Now, stay with me, as the plot will seem beyond absurd. From the author’s webpage:

Trudy has betrayed her husband, John. She’s still in the marital home — a dilapidated, priceless London townhouse — but John’s not here. Instead, she’s with his brother, the profoundly banal Claude, and the two of them have a plan. But there is a witness to their plot: the inquisitive, nine-month-old resident of Trudy’s womb.

The story is told through the eyes of Trudy’s unborn son. He is the unseen observer of both Trudy’s betrayal and involvement to kill her husband, but more importantly, he observes and comments on modern life and this is where the fun begins. His observations are both comical and biting, This is the baby thinking about college life:

A strange mood has seized the almost-educated young. They’re on the march, angry at times, but mostly needful, longing for authority’s blessing, its validation of their chosen identities. The decline of the West in new guise perhaps. Or the exaltation and liberation of the self.

Should inconvenient opinions hover near me like fallen angels or evil djinn (a mile being too near), I’ll be in need of the special campus safe room equipped with Play-Doh and looped footage of gambolling puppies. Ah, the intellectual life!

And like all good tragedies, he also makes us cry as we watch his helplessness as he is trapped in a situation that offers no control.

Unless, unless, unless–a wisp of a word, ghostly token of altered fate, bleating little iamb of hope, it drifts across my thoughts like a floater in the vitreous humour of an eye. Mere hope.

For those of us who are parents, this book will make you wonder if your prebirth actions were observed and noted. You may ask yourself if somehow, without forethought or intent, your actions affected your child’s worldview, as if he/she fed off  your words and the words of your outside contacts just as he fed off the food you ate. For those who bought into the idea that playing Mozart to an unborn child would make him/her a genius you have to ask yourself, what effect your daily activities had on the child? And even if you didn’t buy into this, you may find yourself wondering if your child formed his first opinions based on his prebirth observations. It’s both a scary and hilarious prospect. Especially with observations like this one:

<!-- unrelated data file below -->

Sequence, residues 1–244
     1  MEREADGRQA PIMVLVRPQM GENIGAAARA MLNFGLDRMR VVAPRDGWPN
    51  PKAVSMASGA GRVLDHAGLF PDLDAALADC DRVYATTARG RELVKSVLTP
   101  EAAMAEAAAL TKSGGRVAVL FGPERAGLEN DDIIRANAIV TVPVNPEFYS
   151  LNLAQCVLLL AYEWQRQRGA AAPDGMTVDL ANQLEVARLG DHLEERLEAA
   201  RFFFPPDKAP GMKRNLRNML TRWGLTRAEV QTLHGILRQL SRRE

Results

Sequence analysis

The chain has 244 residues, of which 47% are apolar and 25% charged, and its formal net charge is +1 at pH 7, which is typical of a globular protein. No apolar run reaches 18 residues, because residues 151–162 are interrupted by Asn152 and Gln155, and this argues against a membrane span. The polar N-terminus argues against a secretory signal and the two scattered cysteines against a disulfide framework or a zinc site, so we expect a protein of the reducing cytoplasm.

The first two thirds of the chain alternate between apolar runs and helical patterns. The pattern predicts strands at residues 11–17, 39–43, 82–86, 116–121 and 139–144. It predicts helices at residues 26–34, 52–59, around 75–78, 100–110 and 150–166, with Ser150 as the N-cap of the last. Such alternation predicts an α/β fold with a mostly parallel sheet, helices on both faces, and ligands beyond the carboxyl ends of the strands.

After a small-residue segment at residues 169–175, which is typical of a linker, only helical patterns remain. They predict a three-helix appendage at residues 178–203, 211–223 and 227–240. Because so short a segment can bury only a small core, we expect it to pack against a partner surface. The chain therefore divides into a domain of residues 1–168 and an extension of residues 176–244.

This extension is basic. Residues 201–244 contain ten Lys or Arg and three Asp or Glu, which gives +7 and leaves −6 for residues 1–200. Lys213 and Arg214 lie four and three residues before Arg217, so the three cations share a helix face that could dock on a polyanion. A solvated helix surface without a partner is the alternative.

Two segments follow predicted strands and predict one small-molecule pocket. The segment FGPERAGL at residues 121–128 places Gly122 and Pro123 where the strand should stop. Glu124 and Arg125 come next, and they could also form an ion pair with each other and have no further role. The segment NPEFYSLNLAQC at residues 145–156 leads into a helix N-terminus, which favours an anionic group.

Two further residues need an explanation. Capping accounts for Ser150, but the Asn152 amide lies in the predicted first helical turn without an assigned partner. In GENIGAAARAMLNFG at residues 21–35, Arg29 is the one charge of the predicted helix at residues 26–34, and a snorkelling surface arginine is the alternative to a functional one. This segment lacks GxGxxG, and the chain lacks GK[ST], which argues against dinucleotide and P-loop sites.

Not everyone knows what it is to have your father’s rival’s penis inches from your nose.

Much like Shakespeare this book is contains layers. The most obvious is McEwan’s use of an unseen observer in order to write about modern thought and society. The other is a tad bit more nuanced; the hard choices we make and the ripple effects that sometimes nudge but often wash over those around us.The baby’s mother is tragic in the sense that she seems to be bereft of any sense of true dignity and self-awareness, much like Hamlet’s mother who enters into a pact with Claudius out of lust and possibly self-preservation but without thinking about the consequences of those around her. In fact I would say we don’t feel for McEwan’s expectant mother like we do Gertrude because as a modern women there are more choices available to her. And unlike Gertrude she is no innocent pawn of Claudius’ plot.

There are nods to Hamlet, naturally, but you don’t have to be a Shakespeare fan to enjoy this book. It stands alone as a great piece of modern literature. But like Hamlet, be prepared for a tragic ending; this is no modern fairytale.

Works Cited

McEwan, Ian In a Nutshell Random House September 2016. Print Edition

Washington Post, Ian McEwan’s In a Nutshell a tale of betrayal and murder as told by a fetus. September 12, 2016. Online

For giggles I have to admit I heard the baby in the voice of the E-Trade baby. This was a series of commercials that stared a talking baby. For my UK readers and those who do not remember I offer these clip. After finishing the book you may need a good laugh, so I urge you to go back again re-watch them